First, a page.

Offices in Ottawa and Perth
(613) 722-1500

CONTACT US (613) 722-1500

Recent Changes to the Universal Child Care Benefit and What It Means for You

Recent Changes to the Universal Child Care Benefit and What It Means for You

Mann Lawyers

Posted September 15, 2015

Since July 20, 2015, parents of children under the age of 18 will receive an increased benefit, or a new taxable benefit, to help support their growing children.

The Universal Child Care Benefit (UCCB), a benefit originally created to provide direct financial support to families with minor children, was expanded and improved back on January 1, 2015. After receiving its increase, the UCCB now provides that a family will receive $160 per month for each child under the age of six (this is a $60.00 increase from the previous $100 per month). Additionally, a family with a child/children aged six through 17 will now receive a benefit of $60 per month for each child. These payments are either received by mail or by direct deposit, if the parent has opted for this option.

Seeing as the first payments began just in July, this first installment included any increased benefit applicable from January to June of 2015 – a retroactive lump sum.

How then, do you apply for the UCCB? If you have already been receiving or had received the UCCB or Canada Child Tax Benefit (CCTB) for a child under 18, you do not have to apply for the increase or the new benefit – it is applied automatically as you are already in the government database. In such a situation, contacting the Canada Revenue Agency (CRA) is only needed if personal changes arise (such as changes in address, the number of children, marital status, or one is no longer resident in Canada).

If you have not previously received the UCCB, the process is relatively straightforward. To start off, a quiz is available to determine if an application is needed or not. If one is needed – likely because you have never applied for, or received, the UCCB or CCTB for a child under 18 – the CRA lists all necessary requirements and provides the needed application forms. These forms can be filled out online or sent to the nearest tax services office. The conditions to receive the UCCB are as follows:

  • The child/ren must be under the age of 18 and must be living with the adult/s;
  • The adult must be primarily responsible for the child, meaning that he or she is responsible for the care and upbringing of the minor, including making decisions or supervising daily activities as well as addressing medical and domestic needs of the child;
  • The adult must be a resident of Canada; and
  • The adult must be a Canadian citizen, permanent resident, protected person, or temporary resident of Canada.

Ultimately, a parent should apply for the UCCB as soon as possible after a child is born, a child starts to reside with the parent, or the parent has become a Canadian resident. The application is reviewed and, within 80 days, a response is given. Seeing as the first payment was made on July 20th, all subsequent payments will continue to be made on the 20th day of each month.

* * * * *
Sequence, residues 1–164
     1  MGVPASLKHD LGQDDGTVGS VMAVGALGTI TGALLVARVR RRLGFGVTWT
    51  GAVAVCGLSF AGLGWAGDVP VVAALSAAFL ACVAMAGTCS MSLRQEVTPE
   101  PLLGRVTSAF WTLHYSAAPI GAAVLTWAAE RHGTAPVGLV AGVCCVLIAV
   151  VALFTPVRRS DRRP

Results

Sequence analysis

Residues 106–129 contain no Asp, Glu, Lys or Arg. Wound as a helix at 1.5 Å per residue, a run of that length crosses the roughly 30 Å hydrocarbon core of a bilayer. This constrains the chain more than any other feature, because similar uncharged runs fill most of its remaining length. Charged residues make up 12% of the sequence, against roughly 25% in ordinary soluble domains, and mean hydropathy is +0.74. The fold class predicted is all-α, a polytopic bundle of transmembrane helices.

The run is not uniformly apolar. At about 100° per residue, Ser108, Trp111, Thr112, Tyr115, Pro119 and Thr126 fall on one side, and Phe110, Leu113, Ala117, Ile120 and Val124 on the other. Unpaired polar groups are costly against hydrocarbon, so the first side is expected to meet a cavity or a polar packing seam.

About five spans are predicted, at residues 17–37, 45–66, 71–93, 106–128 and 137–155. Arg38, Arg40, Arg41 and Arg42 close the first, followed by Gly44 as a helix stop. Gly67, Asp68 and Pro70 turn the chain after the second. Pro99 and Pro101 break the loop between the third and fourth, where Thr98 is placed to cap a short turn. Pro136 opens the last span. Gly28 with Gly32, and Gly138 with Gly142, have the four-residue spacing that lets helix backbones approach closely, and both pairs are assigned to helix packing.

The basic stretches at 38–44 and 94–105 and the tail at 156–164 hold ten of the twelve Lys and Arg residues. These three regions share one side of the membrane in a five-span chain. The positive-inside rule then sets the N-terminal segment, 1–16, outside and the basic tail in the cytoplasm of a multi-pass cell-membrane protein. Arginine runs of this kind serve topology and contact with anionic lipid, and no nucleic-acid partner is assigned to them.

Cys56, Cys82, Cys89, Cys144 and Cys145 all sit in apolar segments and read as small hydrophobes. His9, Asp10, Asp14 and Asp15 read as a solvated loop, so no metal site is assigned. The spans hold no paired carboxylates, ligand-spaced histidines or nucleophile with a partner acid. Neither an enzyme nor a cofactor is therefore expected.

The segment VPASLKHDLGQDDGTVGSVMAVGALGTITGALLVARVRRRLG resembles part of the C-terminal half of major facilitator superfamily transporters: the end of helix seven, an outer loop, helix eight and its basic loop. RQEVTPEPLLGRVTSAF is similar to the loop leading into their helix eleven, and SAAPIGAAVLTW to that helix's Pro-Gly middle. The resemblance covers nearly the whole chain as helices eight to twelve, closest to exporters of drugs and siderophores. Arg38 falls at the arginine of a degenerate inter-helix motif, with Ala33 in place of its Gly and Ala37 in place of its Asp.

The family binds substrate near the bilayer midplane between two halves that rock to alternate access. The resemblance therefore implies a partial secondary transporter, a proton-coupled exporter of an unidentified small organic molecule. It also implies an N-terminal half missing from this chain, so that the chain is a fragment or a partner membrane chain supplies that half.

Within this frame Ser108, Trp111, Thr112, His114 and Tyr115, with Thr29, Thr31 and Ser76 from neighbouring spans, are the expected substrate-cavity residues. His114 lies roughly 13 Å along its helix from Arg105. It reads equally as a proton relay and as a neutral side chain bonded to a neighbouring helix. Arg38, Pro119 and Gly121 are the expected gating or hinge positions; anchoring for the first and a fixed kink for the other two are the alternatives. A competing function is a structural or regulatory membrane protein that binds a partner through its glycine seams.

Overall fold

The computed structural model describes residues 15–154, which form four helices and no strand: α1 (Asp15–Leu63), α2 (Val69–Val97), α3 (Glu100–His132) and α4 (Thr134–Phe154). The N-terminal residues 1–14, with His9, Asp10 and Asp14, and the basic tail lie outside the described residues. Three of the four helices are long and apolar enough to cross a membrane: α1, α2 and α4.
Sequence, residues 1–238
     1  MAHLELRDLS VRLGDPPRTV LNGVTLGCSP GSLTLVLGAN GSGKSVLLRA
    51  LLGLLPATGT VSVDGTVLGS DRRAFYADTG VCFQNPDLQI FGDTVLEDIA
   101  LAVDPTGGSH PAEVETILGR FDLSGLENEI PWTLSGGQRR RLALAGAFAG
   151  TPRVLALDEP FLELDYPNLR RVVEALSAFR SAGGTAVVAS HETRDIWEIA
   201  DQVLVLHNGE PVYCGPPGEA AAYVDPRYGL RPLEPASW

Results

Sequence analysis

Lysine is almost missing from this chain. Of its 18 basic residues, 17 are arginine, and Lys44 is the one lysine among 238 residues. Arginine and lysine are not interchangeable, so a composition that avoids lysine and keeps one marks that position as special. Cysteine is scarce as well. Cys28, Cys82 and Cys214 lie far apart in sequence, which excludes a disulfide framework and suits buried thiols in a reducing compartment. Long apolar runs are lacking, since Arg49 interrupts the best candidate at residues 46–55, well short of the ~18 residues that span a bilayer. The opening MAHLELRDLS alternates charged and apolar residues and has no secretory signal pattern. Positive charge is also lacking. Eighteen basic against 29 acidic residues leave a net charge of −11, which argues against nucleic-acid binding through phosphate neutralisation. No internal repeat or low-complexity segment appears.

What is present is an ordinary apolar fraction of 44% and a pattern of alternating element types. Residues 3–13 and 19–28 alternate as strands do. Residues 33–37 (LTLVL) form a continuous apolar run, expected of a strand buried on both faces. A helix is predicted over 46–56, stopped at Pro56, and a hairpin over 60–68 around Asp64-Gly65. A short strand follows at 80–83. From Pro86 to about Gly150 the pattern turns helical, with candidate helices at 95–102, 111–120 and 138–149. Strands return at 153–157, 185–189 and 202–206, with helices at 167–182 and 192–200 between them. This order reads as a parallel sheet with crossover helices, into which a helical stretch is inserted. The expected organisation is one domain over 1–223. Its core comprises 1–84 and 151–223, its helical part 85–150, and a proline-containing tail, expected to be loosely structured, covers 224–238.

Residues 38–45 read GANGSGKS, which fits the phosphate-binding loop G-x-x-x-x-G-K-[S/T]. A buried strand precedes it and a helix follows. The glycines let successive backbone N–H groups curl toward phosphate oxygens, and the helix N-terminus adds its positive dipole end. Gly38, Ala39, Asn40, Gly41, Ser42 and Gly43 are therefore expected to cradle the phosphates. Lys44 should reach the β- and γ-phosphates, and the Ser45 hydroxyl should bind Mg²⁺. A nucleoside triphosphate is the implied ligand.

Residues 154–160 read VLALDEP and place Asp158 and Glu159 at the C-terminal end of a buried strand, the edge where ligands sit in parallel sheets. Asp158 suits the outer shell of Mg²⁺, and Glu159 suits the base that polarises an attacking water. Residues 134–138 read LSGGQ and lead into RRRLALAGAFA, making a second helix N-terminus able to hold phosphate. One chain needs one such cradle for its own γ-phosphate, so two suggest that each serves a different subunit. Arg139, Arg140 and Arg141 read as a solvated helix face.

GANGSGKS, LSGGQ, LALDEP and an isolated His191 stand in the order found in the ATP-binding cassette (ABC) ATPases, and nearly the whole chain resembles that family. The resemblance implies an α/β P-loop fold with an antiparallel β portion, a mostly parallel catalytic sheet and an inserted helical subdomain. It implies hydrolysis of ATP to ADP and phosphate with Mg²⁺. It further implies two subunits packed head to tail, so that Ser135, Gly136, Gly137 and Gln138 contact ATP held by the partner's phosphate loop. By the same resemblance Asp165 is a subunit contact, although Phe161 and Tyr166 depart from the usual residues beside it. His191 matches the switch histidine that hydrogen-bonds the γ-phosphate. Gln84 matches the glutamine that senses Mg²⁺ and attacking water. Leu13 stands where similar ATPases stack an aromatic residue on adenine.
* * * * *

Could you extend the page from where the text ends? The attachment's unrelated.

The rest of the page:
Since the UCCB is a taxable benefit, it must be reported on your taxes. Critics have argued that this minimizes the increase in the benefits and in fact may push some recipients into a higher tax bracket or a tax refund is reduced or worse, more tax is payable.

Many families are eligible for this benefit – you may be one of them. If you would like more information on the UCCB, as well as how it impacts you, please contact our office.

This blog post was written by Caspar vanBaal, a member of the Family Law team.  He can be reached at 613-369-0380 or at Caspar.VanBaal@mannlawyers.com.

More Resources

Blog |
Wills, Trusts and Estates

By: 

Posted May 17, 2022

I am often asked the question of whether the will-maker should disclose the contents of their will to their beneficiaries.  In some situations, the will-maker[...]
Blog |
Real Estate

By: 

Posted May 10, 2022

The More Homes for Everyone Act, 2022 (“Bill 109”) received Royal Assent on April 14th, 2022. Some sections of Bill 109 will come “into force”[...]
Blog |
Real Estate, Wills, Trusts and Estates

By: 

Posted May 3, 2022

As we all know, house prices are skyrocketing in the region, and this in turn has resulted in parents providing assistance to children who are[...]
Blog |
Employment, Labour, and Human Rights

By: 

Posted April 26, 2022

The mediator’s reaction to my client’s disclosure that she had secretly recorded her conversation with her boss was one of dismay.   He made it clear[...]
Blog |
Family Law

By: 

Posted April 25, 2022

Family law litigation can be a particularly complicated and expensive legal endeavor exacerbated by the emotional difficulties of a fractured relationship. These matters become even[...]
Blog |
Real Estate

By: 

Posted April 14, 2022

What is the Federal Budget? Every year the Department of Finance is tasked with balancing the revenue and expenses of the Government of Canada. As[...]

Subscribe to Our Newsletter

Name*
Consent*
This field is for validation purposes and should be left unchanged.